Argentina continues to be a dynamite spot for complex value-priced reds; Spain is also a wonderful source of red value. Lesser-known appellations in California are great spots, too: Mendocino, Lodi, Livermore and Lake County are some of my favorites. And southern Italy (think Sicily, Puglia) is another region that’s putting out fantastic wines that over-deliver for the money.

Kleiman: When I think elegant and economic, I think ricotta gnocchi. They are soft, pillow-like clouds of yum and very low in carbs. You can make them simple, just the ricotta with a touch of nutmeg laying in a pool of tomato sauce or a bit fancier, by grating some roasted beets into the ricotta mixture. The resulting fuchsia color is gorgeous, the earthy sweetness of the beet plays with the sweet milkiness of the ricotta. Beet-ricotta gnocchi are best served with a little melted butter and sage.

Also, composed rather than tossed salads add a touch of elegance to a meal without any higher expenditure. Why not try arranging the ingredients on the plate to create a beautiful and appetizing dish, drizzled with a simple, delicious dressing?

Cochran: There are a lot of complex flavors there, so I’m going esoteric: Reach for a Greco di Tufo from southern Italy when tucking into Evan’s beet-ricotta gnocchi. This newly popular, full-bodied white boasts lots of food-friendly acidity alongside a rich mouth-feel that’s perfectly suited to hearty gnocchi with butter sauce. A great alternative with similar style characteristics is Greek asyrtiko, another newly popular, full-bodied white with lots of complexity.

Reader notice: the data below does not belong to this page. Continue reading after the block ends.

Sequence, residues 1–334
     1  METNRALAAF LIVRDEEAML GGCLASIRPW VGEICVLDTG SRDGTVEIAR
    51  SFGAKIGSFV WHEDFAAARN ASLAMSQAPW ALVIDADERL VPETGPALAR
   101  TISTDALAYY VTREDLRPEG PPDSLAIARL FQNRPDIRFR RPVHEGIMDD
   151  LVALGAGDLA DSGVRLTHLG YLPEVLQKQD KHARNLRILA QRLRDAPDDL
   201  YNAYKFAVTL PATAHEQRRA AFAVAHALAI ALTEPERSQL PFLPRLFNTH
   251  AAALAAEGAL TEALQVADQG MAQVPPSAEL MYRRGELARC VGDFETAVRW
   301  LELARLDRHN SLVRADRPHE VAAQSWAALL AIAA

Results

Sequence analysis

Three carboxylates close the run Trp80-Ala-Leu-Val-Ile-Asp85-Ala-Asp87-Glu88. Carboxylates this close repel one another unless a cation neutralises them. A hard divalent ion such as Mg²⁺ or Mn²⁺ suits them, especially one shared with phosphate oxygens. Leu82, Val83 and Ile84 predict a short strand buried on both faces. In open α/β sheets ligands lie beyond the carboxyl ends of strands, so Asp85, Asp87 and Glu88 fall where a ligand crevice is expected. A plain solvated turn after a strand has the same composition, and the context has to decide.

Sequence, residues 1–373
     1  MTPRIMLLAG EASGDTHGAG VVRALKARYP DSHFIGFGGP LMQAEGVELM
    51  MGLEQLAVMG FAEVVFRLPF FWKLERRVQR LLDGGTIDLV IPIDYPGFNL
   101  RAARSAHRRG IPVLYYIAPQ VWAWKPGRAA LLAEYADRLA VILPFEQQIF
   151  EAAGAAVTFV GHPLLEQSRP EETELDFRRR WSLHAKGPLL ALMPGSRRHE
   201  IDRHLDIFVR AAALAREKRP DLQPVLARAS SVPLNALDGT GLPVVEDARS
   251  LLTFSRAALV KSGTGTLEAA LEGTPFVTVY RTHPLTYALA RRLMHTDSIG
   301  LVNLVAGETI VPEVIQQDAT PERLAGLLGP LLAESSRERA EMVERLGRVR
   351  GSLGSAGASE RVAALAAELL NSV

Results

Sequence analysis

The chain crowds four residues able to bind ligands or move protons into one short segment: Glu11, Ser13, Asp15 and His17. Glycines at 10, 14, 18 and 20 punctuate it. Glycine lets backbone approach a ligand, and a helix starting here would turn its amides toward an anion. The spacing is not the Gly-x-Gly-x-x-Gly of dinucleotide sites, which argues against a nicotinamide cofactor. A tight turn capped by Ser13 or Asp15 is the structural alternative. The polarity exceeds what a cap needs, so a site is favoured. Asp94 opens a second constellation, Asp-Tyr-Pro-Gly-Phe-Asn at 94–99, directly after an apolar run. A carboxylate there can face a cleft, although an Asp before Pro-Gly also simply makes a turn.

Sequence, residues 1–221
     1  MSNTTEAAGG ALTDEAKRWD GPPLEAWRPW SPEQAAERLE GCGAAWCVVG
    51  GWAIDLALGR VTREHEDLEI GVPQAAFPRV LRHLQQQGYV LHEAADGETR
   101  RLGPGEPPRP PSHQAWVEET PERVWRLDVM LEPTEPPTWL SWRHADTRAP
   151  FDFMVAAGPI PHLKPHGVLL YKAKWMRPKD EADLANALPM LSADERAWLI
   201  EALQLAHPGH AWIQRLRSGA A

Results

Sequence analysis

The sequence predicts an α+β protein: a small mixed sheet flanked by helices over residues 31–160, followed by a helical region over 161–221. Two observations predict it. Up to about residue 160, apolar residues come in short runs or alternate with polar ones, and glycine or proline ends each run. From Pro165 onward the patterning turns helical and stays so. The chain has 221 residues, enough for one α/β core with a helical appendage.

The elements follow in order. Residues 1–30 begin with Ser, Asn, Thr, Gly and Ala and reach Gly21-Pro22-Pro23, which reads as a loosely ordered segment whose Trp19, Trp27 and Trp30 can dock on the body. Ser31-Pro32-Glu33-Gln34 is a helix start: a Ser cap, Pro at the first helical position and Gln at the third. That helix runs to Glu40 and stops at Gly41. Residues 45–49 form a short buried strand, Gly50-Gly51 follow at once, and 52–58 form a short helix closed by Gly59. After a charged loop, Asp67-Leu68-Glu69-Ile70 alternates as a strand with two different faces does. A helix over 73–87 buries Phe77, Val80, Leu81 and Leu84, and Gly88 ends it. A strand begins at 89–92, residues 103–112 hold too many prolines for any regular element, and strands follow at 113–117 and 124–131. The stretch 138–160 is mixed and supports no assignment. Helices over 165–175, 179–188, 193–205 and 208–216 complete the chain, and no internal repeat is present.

Extravagant, Luxurious, Decadent: The Sky’s the Limit

Kleiman: Remember that my decadent may not be your decadent, but there is one food that is the epitome of the word. Although it’s currently out of favor with the food police, few foods are as sublime, ephemeral and satisfying as beautiful foie gras served with toasted brioche. It’s like eating meat butter. Soft, yielding, rich and slightly sweet foie gras has been an epicure’s treat for centuries.

Cochran: I’m with Evan: I think the classic combinations still stand up. Pair that foie gras with Sauternes (sweet, Bordeaux).

Or try more budget-oriented wines from nearby Barsac or from Australia or California. Those from outside of France usually include the name “botrytis” on the label, which is the scientific name for a fungus known as “the noble rot” that shrivels the grapes used for these decadent sweet wines into super-concentrated nuggets of sugar. German Riesling of the Spatlese or Auslese categories are also terrific with foie gras.

And there are some other classic combinations: oysters, caviar and Champagne; lobster and opulent chardonnay, especially French Burgundy (Puligny Montrachet, Meursault, grand cru Chablis) and high-end California chards; truffles and Piedmontese nebbiolo (labeled Barolo & Barbaresco); and mature Bordeaux and lamb dishes.

Other articles from the April 2008 issue

All the Right Moves

Engage, Isolate or Strike

Grade Expectations

Life in Colors: The Chicano Canvas

Deadly Diets: The Warning Signs of Eating Disorders